Page 12: of Maritime Logistics Professional Magazine (Q1 2014)

The Energy Edition: Exploration, Production & Transportation

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Is Your Ship the Next Prius?

Reducing operating costs by saving energy is a concept that has moved from discussion to action in shipping.

T he debate has been fueled by pending emission reg- ulations and options that may be an alternative to the use of high cost low sulfur distillates when op- erating in the emission control areas or in restricted ports. This quest for energy effi ciency has gone beyond “ECO” main engine performance, slow steaming or variable frequen- cies of motor and pump operations to reduce electrical load.

Shipping is now diving deeper into effi ciency details with the use of LED lighting, computerized modeling of hull optimi- zation and further introductions of sophisticated hull coatings to assist those new optimized hulls through the water without burning fuel. Moving from sail, to steam and fi nally to internal combustion engine, shipping is now following the lead of the automotive industry and talking Hybrid marine power.

At a recent industry conference, owners asked the major engine manufacturers how they could reduce their fuel con- sumption. There answer: “Don’t run your engine.” The argu- ably sarcastic reply, however, was right on the money. And, that is exactly what many Hybrid power systems are designed to accomplish.

The defi nitions of hybrid marine power or hybrid marine propulsion describe main and auxiliary systems where power is supplied from more than one source. Diesel-electric pro- pulsion lends itself best to the hybrid power application and we are seeing future ship designs moving away from stan- dard direct drive applications and more towards this style of propulsion system. And, here’s why: Diesel/Electric systems have mechanically disconnected the combustion engine from the propeller creating the ability to fi x the engine speed at an optimum load, match the power required by the ship and then convert the power to electric energy required by the motor to drive the azimuth or propeller.

The combustion engine(s) operate at an effi cient constant speed and load. For internal combustion engines driving di- rect shafts at speeds below normal continuous ratings (NCR), energy effi ciencies are decreased and emissions increased at these low loads. This is especially true with shipping’s accep- tance of “slow steaming.” To meet “ECO” fuel consumption demands in ship design, smaller direct drive engines have been installed to meet these new slow steaming loads sparking a heated safety debate between builders, owners and managers.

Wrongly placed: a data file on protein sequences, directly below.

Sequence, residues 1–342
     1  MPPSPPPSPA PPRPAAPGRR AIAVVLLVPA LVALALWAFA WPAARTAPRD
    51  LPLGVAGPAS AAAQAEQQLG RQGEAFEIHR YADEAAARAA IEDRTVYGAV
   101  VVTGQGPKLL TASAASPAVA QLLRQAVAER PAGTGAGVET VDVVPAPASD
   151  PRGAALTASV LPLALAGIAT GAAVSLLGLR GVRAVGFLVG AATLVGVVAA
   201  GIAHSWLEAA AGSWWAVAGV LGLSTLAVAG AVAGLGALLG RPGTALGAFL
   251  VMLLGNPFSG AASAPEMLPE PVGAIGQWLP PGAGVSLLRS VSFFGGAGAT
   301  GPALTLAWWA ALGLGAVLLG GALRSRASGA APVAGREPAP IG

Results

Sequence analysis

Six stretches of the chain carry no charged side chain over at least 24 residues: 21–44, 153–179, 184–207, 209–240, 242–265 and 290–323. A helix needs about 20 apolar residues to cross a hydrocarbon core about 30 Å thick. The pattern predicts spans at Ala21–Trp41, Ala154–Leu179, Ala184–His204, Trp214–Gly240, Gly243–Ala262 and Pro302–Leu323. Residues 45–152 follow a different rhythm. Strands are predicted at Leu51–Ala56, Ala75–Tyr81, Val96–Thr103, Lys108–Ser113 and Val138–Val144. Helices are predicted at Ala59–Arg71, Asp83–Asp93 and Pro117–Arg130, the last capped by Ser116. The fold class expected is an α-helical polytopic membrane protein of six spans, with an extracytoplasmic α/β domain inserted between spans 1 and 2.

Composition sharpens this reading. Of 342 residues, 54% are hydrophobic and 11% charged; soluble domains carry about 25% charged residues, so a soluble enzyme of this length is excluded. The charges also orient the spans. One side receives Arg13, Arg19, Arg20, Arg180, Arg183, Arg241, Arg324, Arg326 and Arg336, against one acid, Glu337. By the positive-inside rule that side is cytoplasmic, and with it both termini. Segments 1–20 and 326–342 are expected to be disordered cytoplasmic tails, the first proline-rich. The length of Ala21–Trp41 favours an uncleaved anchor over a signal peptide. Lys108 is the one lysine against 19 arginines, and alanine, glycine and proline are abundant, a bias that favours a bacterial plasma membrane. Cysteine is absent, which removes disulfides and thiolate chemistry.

Hybrid Applications Defi ned

A hybrid application can demand a higher load from the combustion engine than required by propulsion to maintain an effi cient fuel burn. The additional energy supplied is buff- ered in a battery bank and utilized as the second power source.

Once the batteries are fully charged, the engine can be secured and propulsion power is provided directly from the batteries.

When the batteries become depleted, the engine is reengaged and the cycle is repeated.

The Hybrid systems are best suited to applications where the power variations are high. The operating profi les for tugboats, offshore supply vessels, research vessels and small ferries fi t well. Foss was the fi rst to commission a hybrid tug in 2009.

The fi rst hybrid offshore supply vessel, Viking Lady, was also commissioned in 2013. Amtech’s Hybrid example is a sixty- fi ve foot catamaran research vessel under our construction su-

By Robert Kunkel

BAE Hybrid Drive traction motor during Factory tests in Seattle. 12 I Maritime Professional I 1Q 2014

MP Q1 2014 1-17.indd 12 2/27/2014 11:46:36 AM

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Maritime Logistics Professional magazine is published six times annually.